The discovery opens up a new realm of research into an element that’s used for reproduction, energy storage and structural materials in every organism. Its understanding is vital to the continued quest to understand the growth of the oceans. The research appears in the May 2, 2008 edition of the journal Science.
Ellery Ingall, associate professor in Georgia Tech’s School of Earth and Atmospheric Sciences, along with Ph.D. student Julia Diaz, collected organisms and sediments along an inlet near Vancouver Island in British Columbia. During their investigation on the boat, Diaz used a traditional optical microscope to discover that diatoms, microscopic organisms that live in oceans and damp surfaces, were storing blobs of very dense concentrations of phosphorus called polyphosphates.
“These polyphosphates have been missed in classic studies because they haven’t been recovered by the typical measurement techniques,” said Ingall. “No one measured or treated the samples because no one knew they were there – they didn’t even think to look for it.”
For a long time, scientists have been unable to account for the difference in the amount of phosphorus that’s in the oceans and the amount that’s washed in from rivers.
“We’re getting the initial clues as to how this phosphorus gets to the bottom of the oceans,” said Diaz. “These diatoms are sinking from the top to the bottom of the ocean, and as they’re sinking, they’re transporting the phosphorus in the form of intracellular polyphosphate.”
After making their initial discovery, the team made another. They went to Argonne National Laboratory near Chicago to delve deeper and found that some of the blobs were polyphosphate, some were a mineral known as apatite, and some were a transitional material between the two.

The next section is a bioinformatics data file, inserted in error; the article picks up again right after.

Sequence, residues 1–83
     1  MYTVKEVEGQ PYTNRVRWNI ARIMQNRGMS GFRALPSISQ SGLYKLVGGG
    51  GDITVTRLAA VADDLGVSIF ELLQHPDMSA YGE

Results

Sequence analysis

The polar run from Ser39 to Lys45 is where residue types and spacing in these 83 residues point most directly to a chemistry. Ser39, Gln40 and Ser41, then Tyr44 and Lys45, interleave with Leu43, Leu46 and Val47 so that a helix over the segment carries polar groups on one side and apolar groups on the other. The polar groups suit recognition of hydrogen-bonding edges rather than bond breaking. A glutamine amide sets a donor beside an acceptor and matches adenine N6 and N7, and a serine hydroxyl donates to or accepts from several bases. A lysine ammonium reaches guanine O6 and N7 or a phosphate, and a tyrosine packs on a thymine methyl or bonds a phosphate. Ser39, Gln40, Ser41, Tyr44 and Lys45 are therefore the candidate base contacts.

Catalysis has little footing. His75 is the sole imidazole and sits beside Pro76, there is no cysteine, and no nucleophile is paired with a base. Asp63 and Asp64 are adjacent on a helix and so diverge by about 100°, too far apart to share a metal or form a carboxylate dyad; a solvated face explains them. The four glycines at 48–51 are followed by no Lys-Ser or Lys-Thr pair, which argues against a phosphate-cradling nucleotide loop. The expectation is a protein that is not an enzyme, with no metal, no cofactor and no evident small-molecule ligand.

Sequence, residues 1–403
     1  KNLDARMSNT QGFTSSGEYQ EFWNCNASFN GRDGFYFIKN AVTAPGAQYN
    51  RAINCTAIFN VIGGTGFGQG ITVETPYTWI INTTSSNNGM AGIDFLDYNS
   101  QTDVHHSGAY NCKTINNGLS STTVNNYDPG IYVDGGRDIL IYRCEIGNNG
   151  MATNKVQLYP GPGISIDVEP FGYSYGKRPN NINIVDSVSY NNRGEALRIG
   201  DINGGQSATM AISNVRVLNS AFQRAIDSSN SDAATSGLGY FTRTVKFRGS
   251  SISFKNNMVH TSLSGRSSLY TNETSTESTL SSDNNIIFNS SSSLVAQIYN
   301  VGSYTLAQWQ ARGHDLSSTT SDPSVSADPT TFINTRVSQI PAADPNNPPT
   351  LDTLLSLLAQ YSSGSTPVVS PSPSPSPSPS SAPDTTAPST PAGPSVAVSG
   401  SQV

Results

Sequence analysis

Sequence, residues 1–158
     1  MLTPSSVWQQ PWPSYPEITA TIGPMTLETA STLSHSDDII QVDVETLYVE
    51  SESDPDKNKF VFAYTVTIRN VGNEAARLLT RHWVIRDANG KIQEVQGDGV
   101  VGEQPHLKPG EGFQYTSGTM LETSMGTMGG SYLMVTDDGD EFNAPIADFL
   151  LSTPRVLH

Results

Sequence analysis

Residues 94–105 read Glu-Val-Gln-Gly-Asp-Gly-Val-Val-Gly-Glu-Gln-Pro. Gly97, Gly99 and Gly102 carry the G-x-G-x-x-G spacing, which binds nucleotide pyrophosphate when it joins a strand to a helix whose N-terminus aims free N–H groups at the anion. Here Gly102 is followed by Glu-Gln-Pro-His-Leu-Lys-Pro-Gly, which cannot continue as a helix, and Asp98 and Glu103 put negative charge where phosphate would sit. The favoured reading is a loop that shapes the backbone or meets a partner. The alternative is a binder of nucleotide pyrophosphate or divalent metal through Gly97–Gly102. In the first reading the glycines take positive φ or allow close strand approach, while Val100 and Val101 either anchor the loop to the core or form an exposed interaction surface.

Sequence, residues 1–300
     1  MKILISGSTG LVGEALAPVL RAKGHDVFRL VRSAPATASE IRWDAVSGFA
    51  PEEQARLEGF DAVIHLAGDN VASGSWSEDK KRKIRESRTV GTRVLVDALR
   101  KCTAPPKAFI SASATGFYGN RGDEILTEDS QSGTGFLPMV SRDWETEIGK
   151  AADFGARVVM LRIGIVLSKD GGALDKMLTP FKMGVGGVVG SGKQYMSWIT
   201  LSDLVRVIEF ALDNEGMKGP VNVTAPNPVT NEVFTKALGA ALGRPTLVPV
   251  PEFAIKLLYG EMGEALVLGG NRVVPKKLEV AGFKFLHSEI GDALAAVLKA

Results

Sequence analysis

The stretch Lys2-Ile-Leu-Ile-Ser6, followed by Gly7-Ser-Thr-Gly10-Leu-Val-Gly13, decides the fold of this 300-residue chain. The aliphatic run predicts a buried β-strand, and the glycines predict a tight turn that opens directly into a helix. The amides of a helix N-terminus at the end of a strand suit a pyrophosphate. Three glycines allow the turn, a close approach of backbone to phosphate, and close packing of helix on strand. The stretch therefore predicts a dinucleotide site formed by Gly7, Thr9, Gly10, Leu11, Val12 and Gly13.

Now that they’ve proved a link between polyphosphate and apatite, they’re next step is to try and capture the chemical transition between the two by running controlled experiments in the lab.
David Terraso | newswise
Scientists on the road to discovering impact of urban road dust
18.01.2018 | University of Alberta
Gran Chaco: Biodiversity at High Risk
17.01.2018 | Humboldt-Universität zu Berlin
Physicists have developed a technique based on optical microscopy that can be used to create images of atoms on the nanoscale. In particular, the new method allows the imaging of quantum dots in a semiconductor chip. Together with colleagues from the University of Bochum, scientists from the University of Basel’s Department of Physics and the Swiss Nanoscience Institute reported the findings in the journal Nature Photonics.
Microscopes allow us to see structures that are otherwise invisible to the human eye. However, conventional optical microscopes cannot be used to image...
On the way to an intelligent laboratory, physicists from Innsbruck and Vienna present an artificial agent that autonomously designs quantum experiments. In initial experiments, the system has independently (re)discovered experimental techniques that are nowadays standard in modern quantum optical laboratories. This shows how machines could play a more creative role in research in the future.
We carry smartphones in our pockets, the streets are dotted with semi-autonomous cars, but in the research laboratory experiments are still being designed by...
What enables electrons to be transferred swiftly, for example during photosynthesis? An interdisciplinary team of researchers has worked out the details of how...
For the first time, scientists have precisely measured the effective electrical charge of a single molecule in solution. This fundamental insight of an SNSF Professor could also pave the way for future medical diagnostics.
Electrical charge is one of the key properties that allows molecules to interact. Life itself depends on this phenomenon: many biological processes involve...
At the JEC World Composite Show in Paris in March 2018, the Fraunhofer Institute for Laser Technology ILT will be focusing on the latest trends and innovations in laser machining of composites. Among other things, researchers at the booth shared with the Aachen Center for Integrative Lightweight Production (AZL) will demonstrate how lasers can be used for joining, structuring, cutting and drilling composite materials.
No other industry has attracted as much public attention to composite materials as the automotive industry, which along with the aerospace industry is a driver...
08.01.2018 | Event News
11.12.2017 | Event News
08.12.2017 | Event News
23.01.2018 | Life Sciences
23.01.2018 | Earth Sciences
23.01.2018 | Physics and Astronomy